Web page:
Where Africa and Technology Collide!

Africa Gathering Nairobi 2009 (day 2)

I’m here at day 2 of Africa Gathering in Nairobi, but can only spend part of the day here today, so it won’t be a full listing of all the talks. Day 1 talks are here.

I missed Nkeiru Joe’s talk about the sea and fibre cables. However, I’ve known and debated this with her for a long time. 🙂 Here’s her presentation on this topic, but to get the flavor on it you should talk to her or hear her speak.

Nkeiru Joes Africa Gathering Presentation – 2009

Digital Integration (lifestyle and webstyle)

David Nahinga, one of the organizers for Africa Gathering. He’s taking a few minutes to talk about the difference between digital culture and everyone else. How we need to use our time effectively, not try to be on 20 social networks and to prioritize the tools and platforms that we use that help us reach our goals.

It’s interesting, David is really doing a primer on why social media and digital tools are useful, and a reminder to use the “hard disk as another lobe of our brain.” Having a tight digital framework helps us to adapt quickly to a constant change, which is a characteristic of web lifestyle.


Got Issuez Christmas logoMark Kaigwa is here to talk about his startup project called GotIssuez, which I’ve blogged about before. They are creating a digital means for Kenyans to talk about customer service issues – by mobile phone and the web. It’s an African social platform that crowdsources rants and resolutions from Eastern Africans on Products, Brands and Service Delivery. Users rant, rate and resolve issues, and where companies can get involved is in acting on the feedback.

Mark asks, “Do we as Africans have a problem with really listening?”

He draws lines from everyday customer service by businesses in Kenya, with the way that politicians operate, how police try to direct traffic and to the post-election violence last year.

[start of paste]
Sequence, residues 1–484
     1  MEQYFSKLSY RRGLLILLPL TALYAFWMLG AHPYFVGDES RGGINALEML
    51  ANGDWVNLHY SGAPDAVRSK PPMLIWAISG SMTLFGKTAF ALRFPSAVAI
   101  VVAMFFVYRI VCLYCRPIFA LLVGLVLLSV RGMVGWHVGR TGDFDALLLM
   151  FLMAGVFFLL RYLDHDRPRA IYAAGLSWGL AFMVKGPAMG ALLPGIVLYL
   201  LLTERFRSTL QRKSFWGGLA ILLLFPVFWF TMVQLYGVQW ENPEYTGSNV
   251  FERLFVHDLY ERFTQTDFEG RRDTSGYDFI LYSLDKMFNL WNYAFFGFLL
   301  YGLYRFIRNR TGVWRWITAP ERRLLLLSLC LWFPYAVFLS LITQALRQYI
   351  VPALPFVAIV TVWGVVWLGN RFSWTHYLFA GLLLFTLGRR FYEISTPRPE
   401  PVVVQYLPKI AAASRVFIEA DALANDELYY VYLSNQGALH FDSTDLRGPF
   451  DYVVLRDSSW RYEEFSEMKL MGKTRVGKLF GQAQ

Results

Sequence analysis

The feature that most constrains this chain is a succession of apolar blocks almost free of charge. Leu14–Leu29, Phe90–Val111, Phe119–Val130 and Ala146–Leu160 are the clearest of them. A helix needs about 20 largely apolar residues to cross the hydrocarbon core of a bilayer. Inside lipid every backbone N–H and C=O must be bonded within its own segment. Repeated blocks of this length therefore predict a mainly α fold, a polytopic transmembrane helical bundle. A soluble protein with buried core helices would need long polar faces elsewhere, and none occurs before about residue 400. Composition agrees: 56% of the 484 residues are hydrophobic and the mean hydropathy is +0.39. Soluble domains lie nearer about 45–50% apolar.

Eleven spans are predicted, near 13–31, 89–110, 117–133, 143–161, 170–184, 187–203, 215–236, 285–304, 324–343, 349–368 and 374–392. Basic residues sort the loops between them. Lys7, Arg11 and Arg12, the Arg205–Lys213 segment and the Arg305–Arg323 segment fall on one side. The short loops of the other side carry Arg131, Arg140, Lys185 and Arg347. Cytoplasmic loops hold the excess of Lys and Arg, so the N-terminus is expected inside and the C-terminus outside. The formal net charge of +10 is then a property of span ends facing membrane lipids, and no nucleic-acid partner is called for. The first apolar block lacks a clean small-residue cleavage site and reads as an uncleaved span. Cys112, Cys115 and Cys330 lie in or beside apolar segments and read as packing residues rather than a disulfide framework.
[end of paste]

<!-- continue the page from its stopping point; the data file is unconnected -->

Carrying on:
“If the ballot box can’t bring me change, why should a suggestion box?”

The suggestion box is dead, or at the least it’s in need of a revamp. That’s why tools like GotIssuez, which is similar to Get Satisfaction in ideology, are important.

4 things that GotIssuez is doing to create change in the customer service space in Africa. (How do you get an African to believe in change?)

1. Creating community
Their community is made of people from Generation Y, with a very strong presence in universities. They’re the ones who will have a large voice in the future of Kenya. Providing a digital way to complain, but also a way to come up with solutions.

They’re using gifts and prizes as an incentive to get more people to use the platform.

2. Evolve Culture
In the beginning, the users who came to the site were there complaining about non-issue type items, like why they couldn’t get a date for valentines. Now however, the complaints are about mobile phone operators, ISPs, restaurants and things that others are having problems with as well.

3. Involve Companies
How do companies get feedback? How do they engage with customers online and offline? GotIssuez is trying to become the official voice of the people by providing a platform that both consumers and companies can use.

4. Change Circumstances
Actually create change by involving both ordinary people and companies. The example he used here was a popular coffee shop called Savannah that only has one bathroom. People weren’t happy about this and created a GotIssuez report on it. The managing director of Savannah was directed towards this and came up with a solution (finding nearby restrooms that people could use).

Mobile Cloud Computing